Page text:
I was one of the priests administering ashes today in chapel at the school. I also gave out the bread at communion. I will be doing the same in a local parish tonight. There are things that I do in the priesthood that routinely break my heart. Person after person comes and quietly submits to having ashes imposed on their forehead and takes away with them these words, “Remember you are dust and to dust you shall return.” It seems to me that each person comes wrapped in their own death, in the mortality we all bear and we choose at least in this moment not to flee and wrapped also in the dying that is unique to their particular life. It is part of pastoral ministry even in a school that you inevitably know something of the particular dying each person brings. Each one brings perhaps a long struggle with a chronic illness, a losing battle with persistent depression, a sick child, the recent loss of a parent, the shame of constant defeat in the battle with a besetting sin. I don’t know the whole story but enough of each one that my heart is pierced through with the beauty of their faithful burden-bearing and their hope that Christ will touch, forgive and heal. I have much the same perception and the same feeling each time I administer the bread and wine at Holy Communion.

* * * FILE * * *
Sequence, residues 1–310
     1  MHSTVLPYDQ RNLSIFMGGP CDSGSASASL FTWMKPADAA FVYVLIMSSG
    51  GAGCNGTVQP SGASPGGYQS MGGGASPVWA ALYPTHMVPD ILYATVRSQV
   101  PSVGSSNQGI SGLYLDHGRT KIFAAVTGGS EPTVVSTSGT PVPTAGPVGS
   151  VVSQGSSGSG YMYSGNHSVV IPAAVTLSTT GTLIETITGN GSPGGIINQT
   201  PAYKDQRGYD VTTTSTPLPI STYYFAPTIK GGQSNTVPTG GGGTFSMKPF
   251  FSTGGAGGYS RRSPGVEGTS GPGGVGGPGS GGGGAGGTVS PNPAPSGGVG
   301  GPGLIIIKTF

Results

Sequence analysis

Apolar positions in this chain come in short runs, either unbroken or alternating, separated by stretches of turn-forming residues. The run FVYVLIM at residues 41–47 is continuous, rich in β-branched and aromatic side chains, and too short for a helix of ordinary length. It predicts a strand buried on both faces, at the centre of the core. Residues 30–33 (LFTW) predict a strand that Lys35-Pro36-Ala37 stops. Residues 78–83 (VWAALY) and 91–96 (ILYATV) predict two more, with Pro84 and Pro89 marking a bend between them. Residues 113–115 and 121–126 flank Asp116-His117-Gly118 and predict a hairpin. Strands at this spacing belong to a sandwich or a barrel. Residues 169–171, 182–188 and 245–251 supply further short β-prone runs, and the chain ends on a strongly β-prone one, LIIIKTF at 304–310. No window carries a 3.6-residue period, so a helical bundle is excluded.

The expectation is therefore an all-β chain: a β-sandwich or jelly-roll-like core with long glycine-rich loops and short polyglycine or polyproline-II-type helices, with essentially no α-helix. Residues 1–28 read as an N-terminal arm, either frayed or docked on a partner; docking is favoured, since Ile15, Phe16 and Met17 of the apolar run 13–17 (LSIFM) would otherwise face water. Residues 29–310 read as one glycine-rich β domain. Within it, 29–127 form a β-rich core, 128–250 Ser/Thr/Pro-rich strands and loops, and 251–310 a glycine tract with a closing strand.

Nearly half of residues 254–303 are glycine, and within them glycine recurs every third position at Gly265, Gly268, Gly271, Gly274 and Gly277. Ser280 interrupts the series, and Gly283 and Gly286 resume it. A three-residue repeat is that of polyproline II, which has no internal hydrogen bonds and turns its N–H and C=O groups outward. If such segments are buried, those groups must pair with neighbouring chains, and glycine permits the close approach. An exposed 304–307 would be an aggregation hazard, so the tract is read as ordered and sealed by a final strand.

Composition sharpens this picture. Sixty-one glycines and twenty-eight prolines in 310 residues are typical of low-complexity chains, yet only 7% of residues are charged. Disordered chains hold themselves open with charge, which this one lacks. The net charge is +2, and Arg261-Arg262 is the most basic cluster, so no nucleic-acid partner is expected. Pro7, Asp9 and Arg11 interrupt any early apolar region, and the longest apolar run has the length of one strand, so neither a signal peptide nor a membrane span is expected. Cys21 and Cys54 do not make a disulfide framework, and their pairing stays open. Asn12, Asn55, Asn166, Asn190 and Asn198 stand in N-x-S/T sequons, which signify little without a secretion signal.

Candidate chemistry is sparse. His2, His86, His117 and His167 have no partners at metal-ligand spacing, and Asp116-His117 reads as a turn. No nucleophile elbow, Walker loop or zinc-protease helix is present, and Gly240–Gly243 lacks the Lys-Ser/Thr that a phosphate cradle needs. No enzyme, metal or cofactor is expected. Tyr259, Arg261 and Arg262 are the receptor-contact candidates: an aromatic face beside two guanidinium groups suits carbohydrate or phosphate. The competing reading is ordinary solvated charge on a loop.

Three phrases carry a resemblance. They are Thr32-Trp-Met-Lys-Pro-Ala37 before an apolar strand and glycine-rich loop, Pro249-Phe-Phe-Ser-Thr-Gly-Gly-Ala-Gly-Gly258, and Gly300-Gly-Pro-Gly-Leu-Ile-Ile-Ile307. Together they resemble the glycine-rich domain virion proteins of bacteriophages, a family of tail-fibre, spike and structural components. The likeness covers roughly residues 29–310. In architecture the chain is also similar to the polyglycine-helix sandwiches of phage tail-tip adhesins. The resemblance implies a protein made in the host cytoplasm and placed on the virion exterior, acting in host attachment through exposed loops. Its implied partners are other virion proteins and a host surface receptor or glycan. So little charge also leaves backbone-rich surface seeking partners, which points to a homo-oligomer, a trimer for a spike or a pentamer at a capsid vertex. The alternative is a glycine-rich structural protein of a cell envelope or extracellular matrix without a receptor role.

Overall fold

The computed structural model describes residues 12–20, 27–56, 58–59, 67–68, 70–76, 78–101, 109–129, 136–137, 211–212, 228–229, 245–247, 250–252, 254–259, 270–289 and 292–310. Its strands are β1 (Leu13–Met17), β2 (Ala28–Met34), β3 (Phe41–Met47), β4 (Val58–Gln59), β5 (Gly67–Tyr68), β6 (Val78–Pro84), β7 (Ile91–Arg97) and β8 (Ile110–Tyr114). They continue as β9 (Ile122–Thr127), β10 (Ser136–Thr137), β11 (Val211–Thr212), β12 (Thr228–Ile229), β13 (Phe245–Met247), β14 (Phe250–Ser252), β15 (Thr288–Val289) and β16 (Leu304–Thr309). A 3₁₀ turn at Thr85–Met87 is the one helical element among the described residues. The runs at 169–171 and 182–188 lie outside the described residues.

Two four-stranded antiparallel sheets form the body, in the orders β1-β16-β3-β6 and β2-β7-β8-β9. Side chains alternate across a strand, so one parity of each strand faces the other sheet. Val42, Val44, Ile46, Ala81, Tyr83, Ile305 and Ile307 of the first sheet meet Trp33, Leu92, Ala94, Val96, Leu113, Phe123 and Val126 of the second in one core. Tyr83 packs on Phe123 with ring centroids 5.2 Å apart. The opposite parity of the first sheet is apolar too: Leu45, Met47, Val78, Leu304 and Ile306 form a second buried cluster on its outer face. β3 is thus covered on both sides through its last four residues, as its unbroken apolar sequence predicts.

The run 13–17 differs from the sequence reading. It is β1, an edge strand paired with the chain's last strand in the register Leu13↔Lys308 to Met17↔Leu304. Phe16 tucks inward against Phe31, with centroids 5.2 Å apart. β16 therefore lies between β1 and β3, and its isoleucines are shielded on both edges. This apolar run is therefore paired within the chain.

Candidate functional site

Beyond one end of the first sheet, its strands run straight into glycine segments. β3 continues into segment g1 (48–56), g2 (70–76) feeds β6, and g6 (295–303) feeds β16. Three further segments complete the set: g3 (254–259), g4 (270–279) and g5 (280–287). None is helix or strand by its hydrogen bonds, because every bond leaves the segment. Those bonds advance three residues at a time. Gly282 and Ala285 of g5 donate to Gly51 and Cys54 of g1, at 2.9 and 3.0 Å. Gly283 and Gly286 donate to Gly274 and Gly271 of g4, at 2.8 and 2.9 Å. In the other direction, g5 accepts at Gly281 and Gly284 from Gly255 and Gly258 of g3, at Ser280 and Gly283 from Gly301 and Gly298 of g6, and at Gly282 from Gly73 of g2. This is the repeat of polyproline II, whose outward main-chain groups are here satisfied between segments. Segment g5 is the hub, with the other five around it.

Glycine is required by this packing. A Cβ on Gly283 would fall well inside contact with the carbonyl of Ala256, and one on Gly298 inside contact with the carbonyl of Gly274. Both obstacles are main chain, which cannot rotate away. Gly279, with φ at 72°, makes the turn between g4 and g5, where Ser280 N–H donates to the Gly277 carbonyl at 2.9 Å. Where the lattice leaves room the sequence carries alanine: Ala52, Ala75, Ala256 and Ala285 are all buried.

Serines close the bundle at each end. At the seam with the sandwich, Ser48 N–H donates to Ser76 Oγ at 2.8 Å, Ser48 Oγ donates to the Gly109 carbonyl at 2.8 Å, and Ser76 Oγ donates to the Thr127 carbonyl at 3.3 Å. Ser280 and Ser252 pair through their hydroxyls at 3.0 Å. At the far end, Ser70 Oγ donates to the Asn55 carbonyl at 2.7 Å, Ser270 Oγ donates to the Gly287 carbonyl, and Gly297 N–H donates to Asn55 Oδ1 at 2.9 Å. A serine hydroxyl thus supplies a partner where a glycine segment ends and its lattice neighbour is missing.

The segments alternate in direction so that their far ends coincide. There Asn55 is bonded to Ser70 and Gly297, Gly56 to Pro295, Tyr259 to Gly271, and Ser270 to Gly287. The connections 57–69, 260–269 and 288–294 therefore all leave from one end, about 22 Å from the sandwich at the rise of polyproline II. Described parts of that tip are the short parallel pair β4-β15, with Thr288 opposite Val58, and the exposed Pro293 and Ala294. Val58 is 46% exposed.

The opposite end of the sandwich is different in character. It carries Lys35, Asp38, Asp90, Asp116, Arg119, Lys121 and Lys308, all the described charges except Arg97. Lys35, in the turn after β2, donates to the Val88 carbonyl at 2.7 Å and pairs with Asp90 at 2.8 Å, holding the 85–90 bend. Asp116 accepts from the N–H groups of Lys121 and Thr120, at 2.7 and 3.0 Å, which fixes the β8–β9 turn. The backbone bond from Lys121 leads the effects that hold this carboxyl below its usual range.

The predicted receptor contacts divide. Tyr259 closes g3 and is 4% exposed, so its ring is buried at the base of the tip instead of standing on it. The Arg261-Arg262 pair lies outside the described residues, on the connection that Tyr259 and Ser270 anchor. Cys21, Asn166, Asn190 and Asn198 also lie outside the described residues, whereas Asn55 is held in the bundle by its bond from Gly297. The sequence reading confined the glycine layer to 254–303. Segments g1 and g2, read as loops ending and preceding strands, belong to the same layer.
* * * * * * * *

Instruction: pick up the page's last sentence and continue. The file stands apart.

I have become more and more suspicious of the concept of the nominal Christian. Our parish churches are supposed to be full of nominal Christians who are just going through the motions, of half-believers who are relying on their good works and who have not really surrendered to Christ and accepted the Gospel. In any parish church there are a few real apostates, and a few real scoffers and perhaps a few who genuinely hate God. Their numbers are routinely exaggerated. Most of the people who come to the church Sunday by Sunday know they are dying and are placing their hope in Christ. It may be an inarticulate hope, it may be a confused hope. Often there are huge brambles of misunderstanding that must be cleared away before the whole power of the good news can come in upon them. Often there is real darkness into which the light of Christ has not yet come and which cries out for a light-bearer. Yet, they come. When Jesus saw such as these gathered in their multitudes on the hill side, the sight provoked in him not contempt for the nominal but compassion, “for they were like sheep without a shepherd.”
I give thanks to God for those who come to have ashes put on their foreheads today even if they don’t really know why they come, even if they cannot give an account of the hope that is in them. I give thanks to God who in Christ draws all people to himself and for his drawing power in the liturgy of the church and I pray for the grace to communicate the living Christ to hearts and minds as I put the living bread in outstretched hands.